(Parking for one (1) Fred, spotted in London by a reader.)
But did you know that Fred Culture actually began in London? It's true. Consider this article from 1874, which chronicles the birth of the cycling craze, and in the process reveals what may be the very genesis of Fredness:
A form of amusement which appears to be becoming very popular in England is what is called “bicycling.”
Great name, I love it!
Unfortunately, by the 20th century, Americans would shorten it to "biking," which they pronounce "bi-keen."
When bicycles were first introduced there was a disposition to treat them with ridicule, and many persons imagined that working a machine of this kind was simply a roundabout way of applying physical force in order to do what could be more effectively done by simply walking or running.
This blows my mind. Today, we're derided for not driving cars, yet 140 years ago our forbears were ridiculed for not simply running:
It's strangely comforting that we've been annoying people with our efficient machines ever since history's very first pedal stroke.
In the first instance, the machines were, of course, rather rough and clumsy, and very heavy into the bargain, and there is therefore some excuse for the contempt with which they were regarded. But great improvements have lately been made both in their form and materials; the weight has been considerably reduced, higher wheels have been supplied, and various arrangements made by which the person working the bicycle is enabled to acquire a more thorough and easy command over its movements.
Behold, the Venge-Schmenge of its day:
According to reviewers of the time, it cornered like it was on stilts.
A school of daring and expert riders has also risen up; and though it is doubtful how far the bicycle will ever be introduced for the purposes of ordinary locomotion, it is evident that it is likely to take a prominent place as a form of competitive sport.
"Riding bicycles in order to get around? Fie on that! Bicycling's future lies in racing against ponies!"
(What, no helme(n)ts?)
A new class of sportsmen are thus introduced to the pleasures of the chase, and though the humbler riders on their five-pound velocipedes cannot keep pace with aristocratic rivals mounted on 200-guinea hunters, still they enjoy, to a great extent, the same sort of exhilaration and excitement.
Wow, that sounds like it's right out of Bicycling...1874:
"The £5 Hi-Wheel Sport with its cast iron frame lacks the supple lightweight steel tubing of its 200-guinea sibling the Ultra-Hi SL, but it's an ideal rig for the entry-level rider interested in charity rides, quick jaunts to the country, and even the occasional pony race."
And so it was that Fred-dom was born.
By the way, this article also contains the first-ever recorded answer to the question "Whatgearyourunning?"
It may be mentioned that Stanton’s bicycle has a driving-wheel fifty-eight inches in diameter, and is under fifty pounds in weight. Keen rode with a fifty-four-inch wheel, the weight of his machine being less than thirty-six pounds.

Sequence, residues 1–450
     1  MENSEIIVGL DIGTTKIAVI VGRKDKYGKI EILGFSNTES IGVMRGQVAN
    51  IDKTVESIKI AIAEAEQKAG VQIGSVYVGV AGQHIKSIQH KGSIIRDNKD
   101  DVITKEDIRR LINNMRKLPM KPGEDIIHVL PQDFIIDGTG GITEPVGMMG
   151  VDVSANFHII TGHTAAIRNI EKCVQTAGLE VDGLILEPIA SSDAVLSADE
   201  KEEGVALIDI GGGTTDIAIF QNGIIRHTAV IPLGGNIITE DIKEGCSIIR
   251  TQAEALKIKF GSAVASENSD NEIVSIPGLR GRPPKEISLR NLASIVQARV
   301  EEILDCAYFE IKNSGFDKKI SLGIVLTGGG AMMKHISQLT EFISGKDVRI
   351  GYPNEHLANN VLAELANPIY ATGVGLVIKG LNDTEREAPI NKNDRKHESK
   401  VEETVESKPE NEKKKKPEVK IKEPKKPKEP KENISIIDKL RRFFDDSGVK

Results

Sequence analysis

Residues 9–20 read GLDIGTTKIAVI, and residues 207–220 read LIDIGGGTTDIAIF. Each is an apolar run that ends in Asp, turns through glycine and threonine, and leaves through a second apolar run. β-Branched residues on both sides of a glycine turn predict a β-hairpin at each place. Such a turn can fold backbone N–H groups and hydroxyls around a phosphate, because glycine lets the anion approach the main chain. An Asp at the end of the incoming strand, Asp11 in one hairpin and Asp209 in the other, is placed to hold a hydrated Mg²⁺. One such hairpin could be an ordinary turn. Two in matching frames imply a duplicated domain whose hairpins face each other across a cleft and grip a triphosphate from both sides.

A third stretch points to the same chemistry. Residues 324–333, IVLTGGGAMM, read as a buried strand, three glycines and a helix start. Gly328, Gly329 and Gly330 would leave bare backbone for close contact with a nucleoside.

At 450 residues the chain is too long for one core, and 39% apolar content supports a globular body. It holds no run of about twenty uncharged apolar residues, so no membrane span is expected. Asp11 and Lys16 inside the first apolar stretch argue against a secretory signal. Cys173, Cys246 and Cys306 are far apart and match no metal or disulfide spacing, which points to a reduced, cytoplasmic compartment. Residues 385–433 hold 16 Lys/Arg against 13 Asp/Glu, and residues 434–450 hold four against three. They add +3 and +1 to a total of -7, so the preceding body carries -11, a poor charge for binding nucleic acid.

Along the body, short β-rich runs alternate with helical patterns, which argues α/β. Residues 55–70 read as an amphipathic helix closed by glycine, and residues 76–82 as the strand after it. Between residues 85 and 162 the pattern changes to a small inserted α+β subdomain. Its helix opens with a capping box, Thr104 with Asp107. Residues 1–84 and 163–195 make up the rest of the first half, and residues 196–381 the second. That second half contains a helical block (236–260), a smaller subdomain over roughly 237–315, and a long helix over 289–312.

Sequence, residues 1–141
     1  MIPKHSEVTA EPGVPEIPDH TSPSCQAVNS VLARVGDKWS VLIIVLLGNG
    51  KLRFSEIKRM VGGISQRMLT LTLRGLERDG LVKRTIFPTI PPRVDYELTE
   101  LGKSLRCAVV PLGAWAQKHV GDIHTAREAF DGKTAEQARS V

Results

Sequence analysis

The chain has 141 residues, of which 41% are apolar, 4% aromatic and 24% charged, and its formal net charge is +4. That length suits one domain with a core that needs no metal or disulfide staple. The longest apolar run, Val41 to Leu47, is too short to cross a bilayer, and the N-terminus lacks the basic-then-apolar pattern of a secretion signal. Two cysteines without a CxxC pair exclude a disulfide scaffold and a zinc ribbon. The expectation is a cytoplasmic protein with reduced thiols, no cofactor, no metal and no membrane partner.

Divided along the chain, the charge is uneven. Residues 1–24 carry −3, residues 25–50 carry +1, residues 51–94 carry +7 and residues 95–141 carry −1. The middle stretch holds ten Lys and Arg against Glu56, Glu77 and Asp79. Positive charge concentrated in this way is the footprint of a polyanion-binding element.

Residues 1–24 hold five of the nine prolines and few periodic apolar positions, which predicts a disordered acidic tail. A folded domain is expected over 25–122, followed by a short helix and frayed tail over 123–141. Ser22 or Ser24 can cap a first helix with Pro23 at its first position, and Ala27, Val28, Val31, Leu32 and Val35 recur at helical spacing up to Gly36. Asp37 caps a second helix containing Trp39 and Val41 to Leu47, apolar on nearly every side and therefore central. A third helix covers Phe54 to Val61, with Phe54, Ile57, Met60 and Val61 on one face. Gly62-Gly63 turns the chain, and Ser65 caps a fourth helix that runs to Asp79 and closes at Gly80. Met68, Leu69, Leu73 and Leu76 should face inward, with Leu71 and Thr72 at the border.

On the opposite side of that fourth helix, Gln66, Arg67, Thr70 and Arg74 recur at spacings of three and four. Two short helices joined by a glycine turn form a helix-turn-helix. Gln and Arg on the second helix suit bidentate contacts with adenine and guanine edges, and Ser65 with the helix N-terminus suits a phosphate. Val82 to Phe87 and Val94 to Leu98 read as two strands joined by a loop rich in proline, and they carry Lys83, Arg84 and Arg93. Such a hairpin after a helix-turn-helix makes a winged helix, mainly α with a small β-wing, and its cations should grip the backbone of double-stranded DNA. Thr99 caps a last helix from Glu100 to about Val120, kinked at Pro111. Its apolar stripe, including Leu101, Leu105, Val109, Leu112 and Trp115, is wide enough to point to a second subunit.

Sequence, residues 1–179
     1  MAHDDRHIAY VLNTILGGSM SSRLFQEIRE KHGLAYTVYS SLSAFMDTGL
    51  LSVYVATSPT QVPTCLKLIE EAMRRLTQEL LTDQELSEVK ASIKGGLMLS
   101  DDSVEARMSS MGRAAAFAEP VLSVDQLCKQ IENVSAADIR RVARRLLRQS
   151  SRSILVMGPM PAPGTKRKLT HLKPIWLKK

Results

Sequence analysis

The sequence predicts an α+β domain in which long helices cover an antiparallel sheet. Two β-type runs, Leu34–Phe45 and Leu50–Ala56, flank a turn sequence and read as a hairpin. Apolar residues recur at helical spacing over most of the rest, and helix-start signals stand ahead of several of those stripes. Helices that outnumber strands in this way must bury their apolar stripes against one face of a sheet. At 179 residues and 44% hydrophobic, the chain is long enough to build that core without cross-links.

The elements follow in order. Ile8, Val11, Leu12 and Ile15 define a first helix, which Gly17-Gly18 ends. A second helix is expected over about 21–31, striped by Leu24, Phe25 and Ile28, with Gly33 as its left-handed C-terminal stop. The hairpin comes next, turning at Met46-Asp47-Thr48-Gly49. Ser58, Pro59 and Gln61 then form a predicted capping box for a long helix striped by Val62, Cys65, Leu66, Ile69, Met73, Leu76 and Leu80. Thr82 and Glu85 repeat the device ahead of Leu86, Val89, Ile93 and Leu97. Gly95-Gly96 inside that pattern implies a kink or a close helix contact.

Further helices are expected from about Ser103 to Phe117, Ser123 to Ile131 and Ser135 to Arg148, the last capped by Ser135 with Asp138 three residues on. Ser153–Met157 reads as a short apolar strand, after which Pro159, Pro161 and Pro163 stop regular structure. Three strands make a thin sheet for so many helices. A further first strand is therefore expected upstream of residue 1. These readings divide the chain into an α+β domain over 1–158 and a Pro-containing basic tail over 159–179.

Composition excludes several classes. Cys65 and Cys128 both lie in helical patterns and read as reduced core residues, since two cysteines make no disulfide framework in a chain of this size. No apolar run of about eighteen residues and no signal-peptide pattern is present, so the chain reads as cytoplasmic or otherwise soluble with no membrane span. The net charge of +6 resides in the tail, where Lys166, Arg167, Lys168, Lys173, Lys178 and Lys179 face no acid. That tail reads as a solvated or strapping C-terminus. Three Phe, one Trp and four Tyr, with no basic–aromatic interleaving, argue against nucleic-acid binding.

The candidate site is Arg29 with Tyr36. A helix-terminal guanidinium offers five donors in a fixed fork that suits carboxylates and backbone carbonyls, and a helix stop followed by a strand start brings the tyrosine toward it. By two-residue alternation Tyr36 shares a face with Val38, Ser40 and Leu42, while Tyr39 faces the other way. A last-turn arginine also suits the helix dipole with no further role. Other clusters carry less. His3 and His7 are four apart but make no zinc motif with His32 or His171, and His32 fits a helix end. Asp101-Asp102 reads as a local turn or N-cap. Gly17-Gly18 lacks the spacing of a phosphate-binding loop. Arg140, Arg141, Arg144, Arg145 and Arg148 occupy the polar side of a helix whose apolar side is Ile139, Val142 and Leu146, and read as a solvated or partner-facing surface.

Keen was like totally spun out with that tiny wheel.
I wonder how many skid patches he had...
Of course, since then, competitive cycling has come a long way--by which I mean the drugs are way better:
Recent positive drug tests by two cyclists suggest there is a new, cutting-edge substance making its way to athletes looking for performance-enhancement: FG-4592, an experimental drug that increases production of red blood cells but has not yet been approved for human consumption.
FG-4592? Sounds like a model of fixie from BikesDirect--and as it turns out it's just as easy to order online:
In theory, FG-4592 is available only to participants in clinical trials being conducted by AstraZeneca and FibroGen. The drug is in the final stage of testing, but not approved for sale.
But at least three chemical-supply companies sell FG-4592. A person can simply go to a website, click on FG-4592, add it to a cart, pay with a credit card, and even get it sent via overnight delivery. The hitch, though, is that the buyer has to be a researcher.
“You have to have something in writing saying you will be using it for research purposes,” said Jane Lee, a technical-support specialist at Selleck, a company that sells the compound and advertises it to be 99.36 percent pure. Lee added that the compound has to be sent to a university or research facility.
Fortunately, the Cipollini Bikes headquarters technically counts as a research center:
Sure, they don't have a wind tunnel like Specialized, but they do have a "Virility Chamber" where Cipollini himself has been conducting extensive research on the alleged link between cycling and impotence:
(The Cipollini Bikes Virility Chamber)
So far he hasn't found any, but he feels it's still too early to draw a conclusion.
Speaking of competitive cycling, cyclocross season will be here before you know it--but even if you're trying to ignore it you know it anyway, thanks to the incessant chatter on Twitter:
Oh, right, I forgot: before social networking there was no such thing as cyclocross.
It took disc brakes and hashtags in order to make the sport viable.
And of course under no circumstances should you attempt to engage in cyclocross without taking part in a "clinic" administered by an expert: